New Year’s Mental Health Resolutions
| 3 min read
Dr. Kristyn Gregory, D.O., is a medical director of behavioral health at Blue Cross Blue Shield of Michigan. Dr. Gregory received her medical degree from the Chicago School of Osteopathic Medicine. She then completed residency training in Adult Psychiatry at Henry Ford, and a fellowship in Child and Adolescent Psychiatry at Wayne State University. She is board-certified in Adult, Child and Adolescent Psychiatry. She has practiced in a variety of settings in the metro Detroit area including inpatient, residential, outpatient, school-based and juvenile justice programs.
The power of positivity
- Affirmations: Incorporate reminders like “I am confident” and “I am capable” – affirmations that can foster personality traits that positively influence feelings of satisfaction and happiness.
- Practice gratitude: Write down a list of things that bring feelings of thankfulness.
- Reach out: Ask for help when needed.
- Meditation: Take 10 minutes in the morning to quiet the mind and focus on the present.
- Try something new: Adding in variety can improve self-esteem and confidence.
- Start a mindfulness practice: Mindfulness is the art of being fully present – going about daily activities with purpose and awareness without being overwhelmed, judgmental or reactionary.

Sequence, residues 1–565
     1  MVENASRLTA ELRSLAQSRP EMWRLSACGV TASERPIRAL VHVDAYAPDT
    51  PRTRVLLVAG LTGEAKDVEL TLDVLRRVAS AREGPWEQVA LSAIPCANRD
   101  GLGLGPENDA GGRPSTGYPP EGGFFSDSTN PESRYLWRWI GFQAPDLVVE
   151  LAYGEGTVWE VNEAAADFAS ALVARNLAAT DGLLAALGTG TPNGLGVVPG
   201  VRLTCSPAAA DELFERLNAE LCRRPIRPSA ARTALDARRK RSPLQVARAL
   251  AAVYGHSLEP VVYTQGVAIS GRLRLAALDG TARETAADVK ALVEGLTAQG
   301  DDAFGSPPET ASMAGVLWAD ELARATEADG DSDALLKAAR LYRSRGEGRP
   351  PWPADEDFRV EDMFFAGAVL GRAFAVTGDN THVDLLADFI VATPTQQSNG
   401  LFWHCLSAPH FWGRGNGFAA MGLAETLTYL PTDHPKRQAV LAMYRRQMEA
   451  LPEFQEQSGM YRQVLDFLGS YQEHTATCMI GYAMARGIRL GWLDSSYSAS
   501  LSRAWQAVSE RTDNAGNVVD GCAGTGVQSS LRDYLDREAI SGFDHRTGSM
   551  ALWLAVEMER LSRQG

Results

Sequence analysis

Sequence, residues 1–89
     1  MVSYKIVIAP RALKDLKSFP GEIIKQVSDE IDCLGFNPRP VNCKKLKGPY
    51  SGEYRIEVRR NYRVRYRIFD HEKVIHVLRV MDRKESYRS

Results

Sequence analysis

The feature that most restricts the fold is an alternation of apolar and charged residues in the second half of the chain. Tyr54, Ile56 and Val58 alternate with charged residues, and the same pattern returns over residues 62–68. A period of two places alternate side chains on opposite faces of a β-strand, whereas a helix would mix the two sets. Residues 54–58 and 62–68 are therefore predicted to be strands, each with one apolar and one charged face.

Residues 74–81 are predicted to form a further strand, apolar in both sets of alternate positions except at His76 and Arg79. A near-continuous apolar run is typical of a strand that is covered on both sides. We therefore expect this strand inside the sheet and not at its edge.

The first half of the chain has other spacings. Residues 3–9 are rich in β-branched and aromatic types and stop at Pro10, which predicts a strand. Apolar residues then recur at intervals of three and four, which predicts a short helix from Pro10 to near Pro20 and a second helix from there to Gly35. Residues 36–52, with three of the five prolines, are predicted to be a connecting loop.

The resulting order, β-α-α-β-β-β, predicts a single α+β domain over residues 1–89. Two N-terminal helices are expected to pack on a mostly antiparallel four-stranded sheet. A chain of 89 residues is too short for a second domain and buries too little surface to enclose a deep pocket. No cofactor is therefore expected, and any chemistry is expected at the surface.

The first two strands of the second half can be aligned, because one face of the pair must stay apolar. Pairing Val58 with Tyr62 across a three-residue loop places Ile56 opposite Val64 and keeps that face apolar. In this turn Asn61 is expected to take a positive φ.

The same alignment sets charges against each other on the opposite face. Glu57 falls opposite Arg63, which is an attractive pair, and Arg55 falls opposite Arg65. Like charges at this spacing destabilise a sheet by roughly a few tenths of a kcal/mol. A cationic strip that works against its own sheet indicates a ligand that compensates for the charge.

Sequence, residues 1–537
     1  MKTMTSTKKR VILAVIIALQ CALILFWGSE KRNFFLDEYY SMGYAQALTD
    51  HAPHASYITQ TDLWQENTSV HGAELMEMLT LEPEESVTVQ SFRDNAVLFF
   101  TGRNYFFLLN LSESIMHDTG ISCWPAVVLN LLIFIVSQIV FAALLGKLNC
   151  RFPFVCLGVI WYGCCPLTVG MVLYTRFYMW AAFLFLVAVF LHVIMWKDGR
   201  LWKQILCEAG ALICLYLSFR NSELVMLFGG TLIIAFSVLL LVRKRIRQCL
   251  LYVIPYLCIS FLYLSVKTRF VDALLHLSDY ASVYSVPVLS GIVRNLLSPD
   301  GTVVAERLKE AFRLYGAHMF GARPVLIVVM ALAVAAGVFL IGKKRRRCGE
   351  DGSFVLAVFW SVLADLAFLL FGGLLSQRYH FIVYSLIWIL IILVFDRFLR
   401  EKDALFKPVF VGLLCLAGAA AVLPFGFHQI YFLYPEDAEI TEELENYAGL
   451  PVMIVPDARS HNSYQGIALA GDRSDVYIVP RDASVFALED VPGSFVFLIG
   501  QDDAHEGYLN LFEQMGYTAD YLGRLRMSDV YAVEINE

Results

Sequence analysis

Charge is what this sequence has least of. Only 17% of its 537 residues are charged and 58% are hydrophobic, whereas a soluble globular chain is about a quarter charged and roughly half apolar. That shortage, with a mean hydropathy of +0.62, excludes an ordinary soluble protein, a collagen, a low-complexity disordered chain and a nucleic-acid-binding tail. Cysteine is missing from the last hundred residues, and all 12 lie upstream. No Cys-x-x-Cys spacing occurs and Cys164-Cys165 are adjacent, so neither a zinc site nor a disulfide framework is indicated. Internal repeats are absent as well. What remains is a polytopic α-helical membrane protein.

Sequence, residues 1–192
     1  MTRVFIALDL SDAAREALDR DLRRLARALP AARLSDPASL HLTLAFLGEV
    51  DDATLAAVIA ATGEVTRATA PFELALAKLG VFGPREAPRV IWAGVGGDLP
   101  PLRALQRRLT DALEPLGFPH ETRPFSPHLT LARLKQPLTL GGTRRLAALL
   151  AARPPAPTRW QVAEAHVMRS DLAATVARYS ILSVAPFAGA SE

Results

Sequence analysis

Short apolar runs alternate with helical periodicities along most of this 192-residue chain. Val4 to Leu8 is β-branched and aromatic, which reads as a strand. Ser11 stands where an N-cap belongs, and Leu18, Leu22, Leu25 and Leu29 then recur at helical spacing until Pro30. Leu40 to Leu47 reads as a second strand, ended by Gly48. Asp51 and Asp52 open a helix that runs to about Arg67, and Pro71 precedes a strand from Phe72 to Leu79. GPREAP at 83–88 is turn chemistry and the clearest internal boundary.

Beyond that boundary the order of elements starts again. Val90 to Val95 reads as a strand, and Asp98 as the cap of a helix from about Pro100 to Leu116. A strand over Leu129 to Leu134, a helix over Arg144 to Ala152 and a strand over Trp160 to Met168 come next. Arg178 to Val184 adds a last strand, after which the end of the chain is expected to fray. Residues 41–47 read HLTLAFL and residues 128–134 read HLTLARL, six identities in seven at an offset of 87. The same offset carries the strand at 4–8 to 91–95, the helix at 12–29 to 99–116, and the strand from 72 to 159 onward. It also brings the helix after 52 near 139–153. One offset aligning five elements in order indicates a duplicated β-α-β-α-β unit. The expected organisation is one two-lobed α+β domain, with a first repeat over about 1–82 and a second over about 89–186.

- Don’t set the bar too high: Making an unrealistic goal won’t set anyone up for success.
- Break up one big goal into small chunks: For example, a goal of losing 25 pounds would be overwhelming. Instead, try breaking that goal up into achievable steps – like losing two pounds a month. Completing this smaller goal each month can help someone build momentum towards the larger goal.
- Success won’t come right away: Just because someone starts exercising or meditating Jan. 1 doesn’t mean they’ll have the body they want or a handle on their stress by Jan. 10. Resolutions are about how someone wants to look or feel by Dec. 31 – and there’s an entire year to get there.
- Set a goal that doesn’t cause dread: If the idea of the goal gives the “ugh” feeling, why set it? New Year’s resolutions don’t have to mean 5 a.m. workouts at the gym. They can be as simple as adding fun or joy to life by making time for hobbies, family or friends – all moments that can improve mental health.